Sunday, May 21, 2006

No golf course in Pyongtaek, please.

I think I've made it clear that I am a strong supporter of USFK's move from Yongsan to Pyongtaek, but at the same time I really do feel for those people being given no choice but to leave their family property to make room for the new base in Taech'uri [Daechu-ri] (though I have no sympathy for the chinbo "progressives" who are using the farming families to whip up support for their pro-Pyongyang cause).

When I first heard that one of the planned facilities for Pyongtaek may be a golf course, my jaw just about hit the floor. After the huge struggle ensuing to obtain the land, what will be remembered—and repeatedly evoked by the "progressives"—is that hapless farmers were kicked off their ancestral land so stuffy officers could play a few rounds of golf in the third most densely populated country in the world.

It's one thing to make room for training grounds, barracks, schools, even movie theaters and bowling alleys. After all, these are a part of normal everyday life for military and their families (the schools and recreation facilities are a part of everyday life for all families), but a golf course is an exclusivist and elitist facility that is about the worst common use of open space imaginable. Particularly in a place lacking much open space in the first place.

Not just in Korea, but all across the world, and particularly in Asia, the environmental damage and economic waste associated with building golf courses is a hot topic. Why engender many years of testy relations just for the ease of playing nine or eighteen holes? If it's really that important, work out a way to keep USFK's golf course at Camp K16 in Songnam open and make the Pyongtaek base a little smaller (or add other more needed facilities).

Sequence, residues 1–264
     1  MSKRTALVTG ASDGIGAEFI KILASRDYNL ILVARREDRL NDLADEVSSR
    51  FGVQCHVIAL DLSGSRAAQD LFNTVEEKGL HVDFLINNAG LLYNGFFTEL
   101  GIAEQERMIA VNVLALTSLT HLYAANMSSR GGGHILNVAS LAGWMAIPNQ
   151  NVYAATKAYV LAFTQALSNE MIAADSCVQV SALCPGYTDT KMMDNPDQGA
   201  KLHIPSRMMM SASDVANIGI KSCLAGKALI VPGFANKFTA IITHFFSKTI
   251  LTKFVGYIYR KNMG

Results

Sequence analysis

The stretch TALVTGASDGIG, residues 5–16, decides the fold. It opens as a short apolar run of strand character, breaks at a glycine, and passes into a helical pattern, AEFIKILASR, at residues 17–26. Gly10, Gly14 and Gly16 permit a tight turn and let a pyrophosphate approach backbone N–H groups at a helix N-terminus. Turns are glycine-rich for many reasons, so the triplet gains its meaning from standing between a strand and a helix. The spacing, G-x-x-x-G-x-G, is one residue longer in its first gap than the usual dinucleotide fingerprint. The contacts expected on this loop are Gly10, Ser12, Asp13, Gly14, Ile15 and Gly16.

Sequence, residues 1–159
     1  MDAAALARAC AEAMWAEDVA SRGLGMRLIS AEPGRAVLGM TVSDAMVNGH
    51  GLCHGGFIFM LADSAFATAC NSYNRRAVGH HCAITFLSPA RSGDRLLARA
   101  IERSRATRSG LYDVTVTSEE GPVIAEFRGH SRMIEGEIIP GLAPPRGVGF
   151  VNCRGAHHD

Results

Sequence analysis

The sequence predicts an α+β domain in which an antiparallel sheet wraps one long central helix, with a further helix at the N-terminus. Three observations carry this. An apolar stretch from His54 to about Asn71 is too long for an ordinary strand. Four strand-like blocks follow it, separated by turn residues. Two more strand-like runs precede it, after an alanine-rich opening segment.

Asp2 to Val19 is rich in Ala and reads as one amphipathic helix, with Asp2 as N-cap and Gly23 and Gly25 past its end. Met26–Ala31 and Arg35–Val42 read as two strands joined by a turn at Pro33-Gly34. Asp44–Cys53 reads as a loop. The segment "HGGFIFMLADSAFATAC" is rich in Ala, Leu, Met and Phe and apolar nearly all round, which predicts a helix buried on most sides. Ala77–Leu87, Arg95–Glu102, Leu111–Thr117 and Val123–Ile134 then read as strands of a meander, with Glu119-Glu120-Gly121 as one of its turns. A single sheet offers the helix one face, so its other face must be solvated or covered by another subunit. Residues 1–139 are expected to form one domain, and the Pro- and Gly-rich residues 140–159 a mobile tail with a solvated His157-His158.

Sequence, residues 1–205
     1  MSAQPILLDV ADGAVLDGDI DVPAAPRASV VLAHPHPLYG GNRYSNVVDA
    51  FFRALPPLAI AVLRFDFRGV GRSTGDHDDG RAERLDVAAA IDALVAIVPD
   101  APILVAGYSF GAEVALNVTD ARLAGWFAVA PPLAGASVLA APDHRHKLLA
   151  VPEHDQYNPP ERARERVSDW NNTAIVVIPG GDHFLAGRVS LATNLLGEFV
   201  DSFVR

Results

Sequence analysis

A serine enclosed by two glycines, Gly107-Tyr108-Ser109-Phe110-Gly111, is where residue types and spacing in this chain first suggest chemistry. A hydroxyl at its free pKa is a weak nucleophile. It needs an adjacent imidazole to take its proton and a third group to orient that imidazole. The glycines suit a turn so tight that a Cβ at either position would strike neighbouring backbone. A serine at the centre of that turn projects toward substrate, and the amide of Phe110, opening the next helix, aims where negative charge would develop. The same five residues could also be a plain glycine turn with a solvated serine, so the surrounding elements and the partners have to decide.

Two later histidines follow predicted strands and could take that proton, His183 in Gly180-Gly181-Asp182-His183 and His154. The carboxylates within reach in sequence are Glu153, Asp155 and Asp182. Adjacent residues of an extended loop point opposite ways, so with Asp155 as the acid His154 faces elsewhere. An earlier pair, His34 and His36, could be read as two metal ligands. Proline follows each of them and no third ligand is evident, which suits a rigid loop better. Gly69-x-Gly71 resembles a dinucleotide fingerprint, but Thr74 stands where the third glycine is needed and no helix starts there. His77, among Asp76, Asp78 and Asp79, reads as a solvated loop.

This should be a no-brainer to the USFK brass, since it's not like this issue has not come up before. Back when the first Yongsan move was announced for 1996 but then thwarted by rising land prices in the area speculated for the move, USFK decided to at least give up the golf course it had in central Seoul, which is now Yongsan Family Park and the site of the National Museum. All that remains inside the garrison is the driving range (which is about the most Pyongtaek really needs), to which has been added a miniature golf course.

USFK did the right thing then, and it should do the right thing now. Save everyone a whole lot of grief later on and give up the golf course idea, if in fact it is in the works.

[I would appreciate any information from my readers who are in the know about the development of such plans. And please, if you agree with me, please feel free to link to this post or pass it on to people who could do something about this.]

1 comment:

  1. Jim, I thank you for your comment, and I'll respond more a bit later, but for now I don't think the benefits of that particular entity justify the many negatives attached.

    And what I said about eminent domain at the end of this post applies in this case as well.

    Kicking farmers off their land to build a golf course wouldn't sit well anywhere. There are many more recreational activities that don't gobble up that much land. Choose one of those.

    More to come...


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